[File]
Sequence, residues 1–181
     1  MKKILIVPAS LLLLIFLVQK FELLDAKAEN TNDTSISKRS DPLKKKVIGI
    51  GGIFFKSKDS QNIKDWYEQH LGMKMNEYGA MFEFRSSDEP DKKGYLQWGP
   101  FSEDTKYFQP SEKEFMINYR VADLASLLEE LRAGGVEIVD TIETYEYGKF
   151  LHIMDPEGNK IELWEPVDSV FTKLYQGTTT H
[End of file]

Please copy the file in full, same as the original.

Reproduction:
Sequence, residues 1–181
     1  MKKILIVPAS LLLLIFLVQK FELLDAKAEN TNDTSISKRS DPLKKKVIGI
    51  GGIFFKSKDS QNIKDWYEQH LGMKMNEYGA MFEFRSSDEP DKKGYLQWGP
   101  FSEDTKYFQP SEKEFMINYR VADLASLLEE LRAGGVEIVD TIETYEYGKF
   151  LHIMDPEGNK IELWEPVDSV FTKLYQGTTT H